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Tip-off and collaboration secure convictions

Two men have been sentenced to jail time having pleaded guilty to money laundering offences for their part in a large and complex fraud concerning the re-sale of timeshares in 2011. 

Anthony Lea was sentenced at Reading Crown Court to three years and Ian Hollis to 18 months in absentia.

The “extremely complex investigation” began in 2016 following a complaint from a local pensioner, but it soon became clear that hundreds of UK timeshare and holiday club policyholders were repeatedly targeted by an organised crime group based in the UK and Spain.

Lea, a solicitor who had been struck off in 2001 for misusing clients’ funds and Hollis, who was a bar owner in Spain, were part of a criminal gang that manipulated hundreds of timeshare investors into paying up to £2,000 to manage their holiday policies for them.

However, once paid, the companies could not be contacted. Policyholders were then contacted by an apparently unconnected company, which offered not only to sell back the policy but also to recover the advanced fees.

Despite consumers paying thousands of pounds to these firms, the investigation found no evidence that any policies had been sold but did find that the money had passed through several UK and overseas bank accounts before being withdrawn in cash.

Lea and Hollis allowed their bank accounts to be used by the criminals in return for a fee and the investigation found that Lea had acquired criminal property amounting to more than £465,000 and Hollis had benefitted to the tune of more than £74,000.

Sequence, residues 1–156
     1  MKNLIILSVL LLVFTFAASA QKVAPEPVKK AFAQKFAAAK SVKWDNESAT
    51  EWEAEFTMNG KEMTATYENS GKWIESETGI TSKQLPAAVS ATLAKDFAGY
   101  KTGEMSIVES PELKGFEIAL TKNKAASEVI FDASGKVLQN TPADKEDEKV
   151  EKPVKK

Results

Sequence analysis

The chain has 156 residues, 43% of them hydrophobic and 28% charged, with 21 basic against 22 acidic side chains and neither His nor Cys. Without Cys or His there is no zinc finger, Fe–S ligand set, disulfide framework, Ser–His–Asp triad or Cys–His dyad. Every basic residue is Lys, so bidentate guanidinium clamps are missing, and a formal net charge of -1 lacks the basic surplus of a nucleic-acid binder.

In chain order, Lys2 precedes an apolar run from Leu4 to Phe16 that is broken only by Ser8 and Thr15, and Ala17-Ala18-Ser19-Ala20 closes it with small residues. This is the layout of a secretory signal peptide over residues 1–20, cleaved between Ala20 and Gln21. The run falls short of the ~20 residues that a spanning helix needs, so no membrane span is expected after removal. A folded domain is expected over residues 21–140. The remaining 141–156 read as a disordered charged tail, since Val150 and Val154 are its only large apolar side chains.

The investigation was carried out by officers from the Public Protection Partnership (PPP) and the National Trading Standards Tri Region Investigation Team.

Speaking after the trial, a spokeswoman for the National Trading Standards team described it as “another great example of … collaboration and partnership …”

Roger Isaacs, Forensic Partner at Milsted Langdon, said: “Following money trail between various companies and accounts is a crucial aspect of any forensic accountancy investigation.

“Expert accountancy witnesses are therefore often called to provide evidence in fraud trials to help juries understand how money has flowed, often through many different countries, from victims to alleged perpetrators.

“Unlike many cases that are being investigated these days, this one appears not to have involved the use of cryptocurrencies that can make asset tracing particularly challenging”.

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